SCHOOL’S ROLE • The development of a School Policy • Parent’s activities • The school is in an excellent position to offer supportive services to children of divorce. • Children spend much time in school, where the continuity and routine can offer a safe environment for interventions. • Counselors, teachers, and other school personnel are available on a daily basis and can provide a link with external professionals involved. • Finally, the number of children in the school provides the possibility for group interventions (e.g. PSHE). • Teacher’s Training
QUADRIPLE SCHOOL COUNSELOR'S ROLE • The school counselor can provide valuable assistance directly through counseling with the children and indirectly through services to school administrators, teachers, and parents. Scherman and Lepak (1986) suggest that counselors not view divorce as a single problem with negative consequences, but focus on changes caused by divorce (e.g., single-parent homes, changes in routines and life stlyes, visitation patterns with relatives) and their positive, negative, or neutral effects on the children.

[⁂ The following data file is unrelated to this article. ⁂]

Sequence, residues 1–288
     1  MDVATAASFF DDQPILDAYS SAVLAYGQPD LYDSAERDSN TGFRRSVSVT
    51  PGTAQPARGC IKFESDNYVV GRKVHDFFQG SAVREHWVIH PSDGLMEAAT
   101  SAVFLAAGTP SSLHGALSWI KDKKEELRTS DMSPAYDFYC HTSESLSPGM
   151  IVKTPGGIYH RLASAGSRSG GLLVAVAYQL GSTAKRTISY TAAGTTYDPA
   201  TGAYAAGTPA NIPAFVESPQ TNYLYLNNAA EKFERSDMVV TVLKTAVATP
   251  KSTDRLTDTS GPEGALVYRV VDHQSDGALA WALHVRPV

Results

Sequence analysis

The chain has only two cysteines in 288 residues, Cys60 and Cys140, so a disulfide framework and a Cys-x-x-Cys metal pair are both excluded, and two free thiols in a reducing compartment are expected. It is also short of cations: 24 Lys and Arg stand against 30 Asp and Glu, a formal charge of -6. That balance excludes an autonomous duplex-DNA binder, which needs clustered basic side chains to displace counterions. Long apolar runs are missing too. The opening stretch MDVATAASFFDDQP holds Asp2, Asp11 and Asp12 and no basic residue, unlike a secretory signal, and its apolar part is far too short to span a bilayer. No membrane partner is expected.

QUADRIPLE SCHOOL COUNSELOR'S ROLE 2. Working with School Administrators. The 10 major issues facing administrators with regard to children of separation: school territorial rights, parental access to school records, release of the child from school, school visits, medical emergencies, financial responsibility, the child's surname, retention, confidentiality of records, and parental access to school functions. Counselors can consult with school administrators on these policy issues and help them to understand the legal implications of separation for the school.